272 pages, 6 x 9
notes, appendix, bibliography, index
Release Date:19 Jul 2022

Time and Identity in <I>Ulysses</I> and the <I>Odyssey</I>

University Press of Florida

A comparative study of two classicliterary works, from a specialist in Joyce and Homer


Time and Identity in“Ulysses” and the “Odyssey” offers a unique in-depth comparative study oftwo classic literary works, examiningessential themes such as change, the self, and humans’ dependence on andisolation from others. Stephanie Nelson shows that in these texts, both Joyceand Homer address identity by looking at the paradox of time—that people areconstantly changing yet remain the same across the years.


In Nelson’s analysis, both Ulyssesand the Odyssey explore dichotomiessuch as the permanence of names and shifting of stories, independence andconnection, and linear and cyclical narrative. Nelson discusses Homer’scontrast of ordinary to mythic time alongside Joyce’s contrast of “clocktime”to experienced time. She analyzes the characters Odysseus and Leopold Bloom,alienated from their previous selves; Telemachus and Stephen Dedalus, trappedby the past; and Penelope and Molly Bloom, able to recast time through weaving,storytelling, and memory. These concepts are also explored through Joyce’sradically different narrative styles and Homer’s timeless world of the gods.


Nelson’s thoroughknowledge of ancient Greece, Joyce, narratology, oral tradition, andtranslation results in a volume that speaks across literary specializations. Thisbook makes the case that Ulysses andthe Odyssey should be read togetherand that each work highlights and clarifies aspects of the other. As Joyce’s charactersare portrayed as both flux and fixity, readers will see Homer’s hero fight hisway out of myth and back into the constant changes of human existence.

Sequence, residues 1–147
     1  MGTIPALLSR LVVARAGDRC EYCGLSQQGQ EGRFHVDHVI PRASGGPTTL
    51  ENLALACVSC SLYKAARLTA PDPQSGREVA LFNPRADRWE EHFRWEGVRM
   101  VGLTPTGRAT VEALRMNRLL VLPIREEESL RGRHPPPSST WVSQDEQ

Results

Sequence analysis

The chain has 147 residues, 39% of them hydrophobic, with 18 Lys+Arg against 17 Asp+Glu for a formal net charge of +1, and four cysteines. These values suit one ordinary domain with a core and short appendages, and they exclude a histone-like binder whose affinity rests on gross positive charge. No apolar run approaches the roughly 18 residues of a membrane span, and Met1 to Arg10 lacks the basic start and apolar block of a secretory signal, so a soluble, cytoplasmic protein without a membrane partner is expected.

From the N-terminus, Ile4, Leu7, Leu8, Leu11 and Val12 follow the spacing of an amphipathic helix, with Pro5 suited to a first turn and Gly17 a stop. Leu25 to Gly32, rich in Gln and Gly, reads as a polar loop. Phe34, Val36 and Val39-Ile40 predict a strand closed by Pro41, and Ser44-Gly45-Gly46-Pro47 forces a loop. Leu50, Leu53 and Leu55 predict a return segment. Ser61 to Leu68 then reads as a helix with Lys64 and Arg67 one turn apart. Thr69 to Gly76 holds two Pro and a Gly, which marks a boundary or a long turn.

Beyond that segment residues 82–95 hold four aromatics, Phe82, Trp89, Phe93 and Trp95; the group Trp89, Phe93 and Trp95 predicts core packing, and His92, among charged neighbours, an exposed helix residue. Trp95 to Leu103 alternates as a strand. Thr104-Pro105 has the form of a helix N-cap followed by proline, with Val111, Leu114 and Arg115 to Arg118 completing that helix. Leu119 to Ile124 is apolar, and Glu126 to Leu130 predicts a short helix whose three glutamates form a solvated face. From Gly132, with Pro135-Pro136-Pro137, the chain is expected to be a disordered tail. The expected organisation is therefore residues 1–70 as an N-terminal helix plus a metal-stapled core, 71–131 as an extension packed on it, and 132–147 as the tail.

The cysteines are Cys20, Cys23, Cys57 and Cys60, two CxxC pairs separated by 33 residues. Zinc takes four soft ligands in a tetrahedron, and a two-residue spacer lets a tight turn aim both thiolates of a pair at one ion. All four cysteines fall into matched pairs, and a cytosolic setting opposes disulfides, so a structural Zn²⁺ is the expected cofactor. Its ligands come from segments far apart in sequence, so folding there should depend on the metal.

A volume in the Florida James Joyce Series, edited bySebastian D. G. Knowles

“An extraordinary piece of work: ambitious, illuminating, anderudite, exhibiting exceptional elasticity of thought and feeling.”—VickiMahaffey, author of Modernist Literature:Challenging Fictions

 “Nelsonengages the reader in re-experiencing the phenomena of these absorbingnarratives and all the narrative issues she treats. Nelson’s great craft is inreprising them in such a way that her readers can recall the whole of worksfrom her shrewd alignment of their distinctive parts.”—MichaelA. Seidel, author of Epic Geography: James Joyce’s “Ulysses”

Stephanie Nelson,associate professor of classical studies at Boston University, is the author ofAristophanes and His Tragic Muse: Comedy, Tragedy and the Polis in 5thCentury Athens.

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